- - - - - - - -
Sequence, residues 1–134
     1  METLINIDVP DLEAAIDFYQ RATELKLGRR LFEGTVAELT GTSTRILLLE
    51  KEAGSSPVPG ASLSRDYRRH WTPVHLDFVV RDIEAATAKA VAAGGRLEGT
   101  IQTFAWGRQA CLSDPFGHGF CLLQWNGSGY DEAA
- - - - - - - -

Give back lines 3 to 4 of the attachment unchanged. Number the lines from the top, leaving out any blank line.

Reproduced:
    51  KEAGSSPVPG ASLSRDYRRH WTPVHLDFVV RDIEAATAKA VAAGGRLEGT
   101  IQTFAWGRQA CLSDPFGHGF CLLQWNGSGY DEAA